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CDC and HICPAC have recommendations in both 2003 Guidelines for Environmental Infection Control in Health-Care Facilities and the 2008 Guideline for Disinfection and Sterilization in Healthcare Facilities that state that the CDC does not support disinfectant fogging. Specifically, the 2003 and 2008 Guidelines state: These recommendations refer to the spraying or fogging of chemicals (e.g., formaldehyde, phenol-based agents, or quaternary ammonium compounds) as a way to decontaminate environmental surfaces or disinfect the air in patient rooms. Furthermore, some of these chemicals are not EPA-registered for use in fogging-type applications. These recommendations do not apply to newer technologies involving fogging for room decontamination (e – Los Angeles Disinfecting Company.g., ozone mists, vaporized hydrogen peroxide) that have become available since the 2003 and 2008 recommendations were made. These newer technologies were assessed by CDC and HICPAC in the 2011 Guideline for the Prevention and Control of Norovirus Gastroenteritis Outbreaks in Healthcare Settings, which makes the recommendation: The 2003 and 2008 recommendations still apply; however, CDC does not yet make a recommendation regarding these newer technologies.

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Decontamination renders an item or material safe to handle. The level of microbial contamination is reduced enough that it can be reasonably assumed free of risk of infection transmission. Sterilization, disinfection, and antisepsis are forms of decontamination. A sterile surface/object is completely free of living microorganisms and viruses. Sterilization procedures kill all microorganisms. – the probability of a microorganism surviving on an item subjected to treatment is less than one in one million. Autoclaving (saturated steam under pressure of approximately 15 psi to achieve a chamber temperature of at least 121oC for a prescribed time) rapidly achieves destruction of microorganisms, decontaminates infectious waste and sterilizes laboratory glassware, media, and reagents (Sterilization Procedure).

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Before using the autoclave, check the drain screen at the bottom of the chamber and clean it, if blocked. If the sieve is blocked with debris, a layer of air may form at the bottom of the autoclave, preventing efficient operation (Sterilization Procedure). Prevention of entrapment of air is critical to achieving sterility. Chemical indicators, e.g. Sterilization and Disinfection., autoclave tape, must be used with each load placed in the autoclave. The use of autoclave tape alone is not an adequate monitor of efficacy. Autoclave sterility monitoring should be conducted on a regular basis (at least monthly) using appropriate biological indicators (B. stearothermophilus spore strips) placed at locations throughout the autoclave.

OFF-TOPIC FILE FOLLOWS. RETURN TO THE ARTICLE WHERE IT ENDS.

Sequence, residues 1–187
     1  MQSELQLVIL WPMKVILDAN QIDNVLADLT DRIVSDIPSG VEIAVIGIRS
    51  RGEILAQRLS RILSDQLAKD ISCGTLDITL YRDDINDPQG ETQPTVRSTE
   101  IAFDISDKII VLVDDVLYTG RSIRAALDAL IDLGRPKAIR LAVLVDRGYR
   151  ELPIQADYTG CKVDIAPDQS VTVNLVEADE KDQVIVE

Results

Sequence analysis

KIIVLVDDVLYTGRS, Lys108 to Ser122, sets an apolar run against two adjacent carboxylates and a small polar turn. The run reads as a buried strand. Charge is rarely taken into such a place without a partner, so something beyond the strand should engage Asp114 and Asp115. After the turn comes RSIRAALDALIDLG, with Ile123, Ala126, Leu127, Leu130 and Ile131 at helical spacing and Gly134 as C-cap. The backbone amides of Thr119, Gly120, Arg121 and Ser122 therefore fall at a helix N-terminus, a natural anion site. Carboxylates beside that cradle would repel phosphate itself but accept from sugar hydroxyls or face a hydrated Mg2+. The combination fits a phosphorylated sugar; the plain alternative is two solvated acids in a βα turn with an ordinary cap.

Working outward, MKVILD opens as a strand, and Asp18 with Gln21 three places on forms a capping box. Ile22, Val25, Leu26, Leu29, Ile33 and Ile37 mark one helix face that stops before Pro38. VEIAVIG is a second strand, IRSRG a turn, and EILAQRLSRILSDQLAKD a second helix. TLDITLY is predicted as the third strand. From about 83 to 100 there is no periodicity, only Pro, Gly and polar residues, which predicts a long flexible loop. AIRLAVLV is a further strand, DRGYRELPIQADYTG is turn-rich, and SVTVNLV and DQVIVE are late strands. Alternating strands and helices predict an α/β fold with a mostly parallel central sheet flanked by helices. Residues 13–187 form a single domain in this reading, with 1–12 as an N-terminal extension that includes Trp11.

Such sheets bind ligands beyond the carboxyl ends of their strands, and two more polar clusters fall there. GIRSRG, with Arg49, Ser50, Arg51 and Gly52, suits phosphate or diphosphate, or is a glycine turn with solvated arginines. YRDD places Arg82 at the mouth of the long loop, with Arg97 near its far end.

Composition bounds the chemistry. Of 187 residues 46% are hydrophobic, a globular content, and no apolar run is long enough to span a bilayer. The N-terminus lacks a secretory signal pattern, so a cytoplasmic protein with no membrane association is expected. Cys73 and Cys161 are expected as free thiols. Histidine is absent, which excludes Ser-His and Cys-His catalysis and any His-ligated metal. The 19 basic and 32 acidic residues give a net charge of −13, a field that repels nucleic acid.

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Each type of container employed should be spore tested. Decontaminate all infectious materials and all contaminated equipment or labware before washing, storage or discard as infectious waste. Autoclaving is the preferred method. Never leave an autoclave in operation unattended (do not start a cycle prior to leaving for the evening). Eliminates most pathogens but not necessarily all types of microbes. Disinfection reduces the level of microbial contamination. Chemical disinfection does not kill spores, unlike chemical sterilization. Some common laboratory disinfectants include freshly prepared10% bleach and 70% ethanol. Chemical Germicide Activity Level: High Level Disinfection Comprises high concentrations of chemical germicides (ex: concentrated sodium hypochlorite).

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Not for use on environmental surfaces like floors or lab benches Intermediate Level Disinfection Kills vegetative microorganisms, including Mycobacterium tuberculosis, all fungi, and inactivates most viruses EPA Approved Hospital Disinfectants which are also tuberculocidal fall into this category May be used for housekeeping and disinfection of laboratory benches Low Level Disinfection Kills most vegetative bacteria, some fungi, and inactivates some viruses – Disinfection Services.